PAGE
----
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Justification and Edwards: A Postscript

In part one and part two of this series, I evaluated one of the great theological minds of America, Jonathan Edwards, but I argued that he makes some unhelpful deviations from the Reformed tradition’s doctrine of justification by faith alone.  Historians and theologians alike have acknowledged for some time other unhelpful aspects of Edwards’s outlook, including his doctrine of continuous creation and his philosophical idealism, not to forget his debated interpretation of virtue and the “love of being.”

To criticize Edwards in any way may provoke significant reaction in some circles.  While some believe that Edwards’s theological assertions are virtually infallible and above critique, there are others in Reformed circles who have wondered if some aspects of his innovating reasoning are seriously unhelpful, however much we may appreciate other contributions Edwards has made to Christianity in America.

While the legacy of Jonathan Edwards will continue to be debated, here are a number of recommended works on the Reformed doctrine of justification that I consider reliable:

The Doctrine of Justification, James Buchanan

This is the clearest, most helpful, and most accessible work on the Reformed doctrine of justification.  Originally published in 1867, this work has been recently reprinted by Banner of Truth.

The Doctrine of Justification: James Buchanan: 9781848716933: Books - Amazon

The Doctrine of Justification by Faith, John Owen

Owen is much more difficult to read than Buchanan, but this 1677 work is well worth reading.  This particular work is found in volume 5 of Owen’s collected works.

The Doctrine of Justification by Faith: Owen, John, Trueman, Carl R.: 9781892777973: Books - Amazon

Justification by the Righteousness of Christ, David Clarkson

Another Puritan exposition of the doctrine, this shorter work is arranged as sermon on Phillippians 3:9.  This exposition is found in volume 1 of his collected works.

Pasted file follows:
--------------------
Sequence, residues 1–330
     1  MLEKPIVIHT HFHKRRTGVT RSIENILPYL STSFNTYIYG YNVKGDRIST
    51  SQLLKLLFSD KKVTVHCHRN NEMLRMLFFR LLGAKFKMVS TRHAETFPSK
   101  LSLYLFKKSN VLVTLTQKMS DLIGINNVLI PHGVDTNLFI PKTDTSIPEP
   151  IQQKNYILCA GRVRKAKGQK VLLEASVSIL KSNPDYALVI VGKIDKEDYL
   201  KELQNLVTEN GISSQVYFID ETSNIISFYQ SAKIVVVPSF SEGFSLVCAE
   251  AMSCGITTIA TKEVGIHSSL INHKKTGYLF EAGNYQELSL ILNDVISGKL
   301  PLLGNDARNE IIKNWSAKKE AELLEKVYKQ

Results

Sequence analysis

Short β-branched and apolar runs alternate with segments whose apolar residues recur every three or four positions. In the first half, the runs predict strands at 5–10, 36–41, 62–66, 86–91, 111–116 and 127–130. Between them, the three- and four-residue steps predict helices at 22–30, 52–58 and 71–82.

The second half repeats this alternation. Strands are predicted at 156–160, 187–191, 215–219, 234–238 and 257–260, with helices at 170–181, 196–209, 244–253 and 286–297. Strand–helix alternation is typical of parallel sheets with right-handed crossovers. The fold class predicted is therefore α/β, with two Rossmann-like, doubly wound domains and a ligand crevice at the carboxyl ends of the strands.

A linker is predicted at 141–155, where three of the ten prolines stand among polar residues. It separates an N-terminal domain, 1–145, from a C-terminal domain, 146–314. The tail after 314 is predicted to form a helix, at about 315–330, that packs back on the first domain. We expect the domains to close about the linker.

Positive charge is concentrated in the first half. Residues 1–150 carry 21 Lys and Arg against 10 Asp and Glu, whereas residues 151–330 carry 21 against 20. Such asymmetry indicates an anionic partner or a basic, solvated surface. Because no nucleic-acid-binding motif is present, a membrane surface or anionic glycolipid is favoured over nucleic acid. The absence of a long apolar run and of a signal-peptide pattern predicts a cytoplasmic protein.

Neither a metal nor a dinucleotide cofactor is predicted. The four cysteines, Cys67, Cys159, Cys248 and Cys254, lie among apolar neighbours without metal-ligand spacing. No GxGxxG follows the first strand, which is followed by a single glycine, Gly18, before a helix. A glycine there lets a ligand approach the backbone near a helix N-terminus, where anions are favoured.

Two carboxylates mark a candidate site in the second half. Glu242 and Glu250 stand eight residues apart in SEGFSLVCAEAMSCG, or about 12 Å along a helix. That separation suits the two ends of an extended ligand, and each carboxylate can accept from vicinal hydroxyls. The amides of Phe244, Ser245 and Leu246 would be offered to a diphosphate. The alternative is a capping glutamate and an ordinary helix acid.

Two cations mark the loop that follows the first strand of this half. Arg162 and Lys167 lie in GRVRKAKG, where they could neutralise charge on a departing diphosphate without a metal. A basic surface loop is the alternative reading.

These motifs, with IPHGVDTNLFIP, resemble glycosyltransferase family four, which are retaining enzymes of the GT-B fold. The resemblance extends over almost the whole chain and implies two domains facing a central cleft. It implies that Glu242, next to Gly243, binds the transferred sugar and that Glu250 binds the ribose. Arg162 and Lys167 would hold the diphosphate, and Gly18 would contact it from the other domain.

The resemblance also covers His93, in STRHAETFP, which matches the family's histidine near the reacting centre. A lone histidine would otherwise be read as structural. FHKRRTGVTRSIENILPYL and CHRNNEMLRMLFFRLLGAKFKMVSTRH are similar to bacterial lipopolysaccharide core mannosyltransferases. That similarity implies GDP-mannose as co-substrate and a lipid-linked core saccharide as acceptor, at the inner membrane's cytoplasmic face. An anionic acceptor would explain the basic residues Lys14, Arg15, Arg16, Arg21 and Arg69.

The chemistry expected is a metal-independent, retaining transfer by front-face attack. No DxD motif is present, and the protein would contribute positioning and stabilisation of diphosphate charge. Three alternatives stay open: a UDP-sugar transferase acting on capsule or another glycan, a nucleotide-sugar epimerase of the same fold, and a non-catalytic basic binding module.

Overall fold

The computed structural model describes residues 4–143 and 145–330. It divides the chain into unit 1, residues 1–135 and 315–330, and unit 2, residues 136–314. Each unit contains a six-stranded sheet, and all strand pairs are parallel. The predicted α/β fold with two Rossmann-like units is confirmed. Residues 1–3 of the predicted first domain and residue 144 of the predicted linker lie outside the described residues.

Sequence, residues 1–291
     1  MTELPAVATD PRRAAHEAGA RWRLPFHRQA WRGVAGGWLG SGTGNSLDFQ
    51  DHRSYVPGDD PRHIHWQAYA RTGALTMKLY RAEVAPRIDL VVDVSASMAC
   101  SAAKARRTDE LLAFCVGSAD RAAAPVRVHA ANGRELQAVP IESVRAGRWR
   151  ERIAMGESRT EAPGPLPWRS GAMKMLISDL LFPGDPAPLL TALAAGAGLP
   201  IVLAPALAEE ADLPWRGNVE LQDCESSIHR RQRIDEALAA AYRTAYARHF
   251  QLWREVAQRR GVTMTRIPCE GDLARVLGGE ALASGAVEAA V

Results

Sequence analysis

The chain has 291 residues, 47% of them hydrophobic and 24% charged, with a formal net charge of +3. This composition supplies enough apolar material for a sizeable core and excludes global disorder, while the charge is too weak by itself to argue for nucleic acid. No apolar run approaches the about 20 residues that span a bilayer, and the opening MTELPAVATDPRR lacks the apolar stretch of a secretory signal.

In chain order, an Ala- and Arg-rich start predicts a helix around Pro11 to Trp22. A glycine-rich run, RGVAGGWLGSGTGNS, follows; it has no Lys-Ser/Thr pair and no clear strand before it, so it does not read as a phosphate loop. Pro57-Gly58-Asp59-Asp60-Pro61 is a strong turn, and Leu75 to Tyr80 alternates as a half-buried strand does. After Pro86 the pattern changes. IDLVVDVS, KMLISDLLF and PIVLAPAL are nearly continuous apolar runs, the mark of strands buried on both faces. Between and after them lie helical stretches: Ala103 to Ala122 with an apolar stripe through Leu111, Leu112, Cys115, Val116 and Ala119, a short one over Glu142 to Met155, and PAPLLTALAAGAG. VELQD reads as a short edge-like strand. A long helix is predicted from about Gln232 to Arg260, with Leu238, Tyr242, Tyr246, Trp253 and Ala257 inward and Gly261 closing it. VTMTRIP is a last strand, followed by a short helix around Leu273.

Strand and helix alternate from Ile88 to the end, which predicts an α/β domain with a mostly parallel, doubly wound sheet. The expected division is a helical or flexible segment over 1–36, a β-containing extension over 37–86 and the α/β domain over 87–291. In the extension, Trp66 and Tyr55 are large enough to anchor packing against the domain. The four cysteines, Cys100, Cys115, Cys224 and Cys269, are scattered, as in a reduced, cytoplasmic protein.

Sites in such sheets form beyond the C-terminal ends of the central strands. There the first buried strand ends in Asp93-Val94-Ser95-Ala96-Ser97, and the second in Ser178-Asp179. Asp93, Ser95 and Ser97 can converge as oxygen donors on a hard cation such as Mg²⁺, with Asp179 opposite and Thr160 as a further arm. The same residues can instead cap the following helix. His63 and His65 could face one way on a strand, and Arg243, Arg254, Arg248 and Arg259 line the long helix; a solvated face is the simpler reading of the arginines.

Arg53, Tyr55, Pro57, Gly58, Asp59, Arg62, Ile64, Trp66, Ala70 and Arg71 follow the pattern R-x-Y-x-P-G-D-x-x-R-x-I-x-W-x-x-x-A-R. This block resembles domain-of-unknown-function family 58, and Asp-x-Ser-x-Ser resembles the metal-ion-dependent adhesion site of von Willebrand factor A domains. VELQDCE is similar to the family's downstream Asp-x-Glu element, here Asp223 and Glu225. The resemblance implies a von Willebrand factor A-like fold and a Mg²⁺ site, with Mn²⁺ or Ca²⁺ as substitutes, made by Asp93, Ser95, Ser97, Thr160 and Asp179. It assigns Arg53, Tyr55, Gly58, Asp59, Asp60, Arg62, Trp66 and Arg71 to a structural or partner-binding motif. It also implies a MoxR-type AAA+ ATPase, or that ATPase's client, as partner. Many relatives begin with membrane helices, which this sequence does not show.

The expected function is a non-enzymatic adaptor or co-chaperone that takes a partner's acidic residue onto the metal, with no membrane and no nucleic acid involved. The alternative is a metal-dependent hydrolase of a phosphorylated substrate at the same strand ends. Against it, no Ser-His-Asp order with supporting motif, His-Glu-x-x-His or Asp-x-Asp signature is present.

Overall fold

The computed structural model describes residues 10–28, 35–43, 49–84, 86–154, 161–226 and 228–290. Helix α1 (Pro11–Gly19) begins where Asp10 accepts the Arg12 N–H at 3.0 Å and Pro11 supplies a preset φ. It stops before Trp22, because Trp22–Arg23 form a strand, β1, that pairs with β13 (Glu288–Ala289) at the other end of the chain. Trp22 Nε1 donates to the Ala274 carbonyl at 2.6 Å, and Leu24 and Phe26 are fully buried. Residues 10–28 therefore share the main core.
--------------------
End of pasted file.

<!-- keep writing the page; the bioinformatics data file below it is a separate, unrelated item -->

The practical works of David Clarkson Volume 1: 1622-1686, Clarkson David: 9781245062633: Books

Justification Vindicated, Robert Traill

This short work, first published in 1692, skillfully answers the assertion that justification by grace alone through faith alone leads to lawlessness and immorality.

Justification Vindicated by Robert Traill

Justification: Understanding the Classic Reformed Doctrine, J. V. Fesko

This recent work (P&R, 2008) is updated articulation of the Protestant doctrine, responding to some of the recent challenges against the traditional view, including those asserted by the New Perspective on Paul.

Readers may also benefit from Fesko’s own critique of Edwards on justification, which can be found in books such as The Trinity and the Covenant of Redemption (Mentor) and The Covenant of Redemption (V&R).

Justification: Understanding the Classic Reformed Doctrine: J. V. Fesko: 9781596380868: Books - Amazon


Justification: 2-Volumes, by Michael Horton

Published with Zondervan Academic in the New Studies in Dogmatics series, Michael Horton explores both the history of justification (volume 1) as well as the doctrine’s exegetical and theological rationale (volume 2), providing a ready defense of the Reformed position.

Justification: Two-Volume Set (New Studies in Dogmatics): Horton, Michael, Allen, Michael, Swain, Scott R.: 9780310597254: Books

The Doctrine on Which the Church Stands or Falls, edited by Matthew Barrett (Crossway)

Matthew Barrett recruits a diverse team of Protestants to present the biblical, theological, and historical warrant for the Reformation doctrine of justification. These scholars demonstrate the doctrine’s durability even after numerous challenges to the doctrine today. Readers may desire to pay attention to Fesko’s chapter on justification in the Reformed tradition, for example.

Gary Steward

Gary Steward (Ph.D., The Southern Baptist Theological Seminary) is an Associate Professor of History at Colorado Christian University and a book review editor for Credo. His newest book, published by Oxford University Press, is entitled: Justifying Revolution: The American Clergy’s Argument for Political Resistance, 1750–1776.

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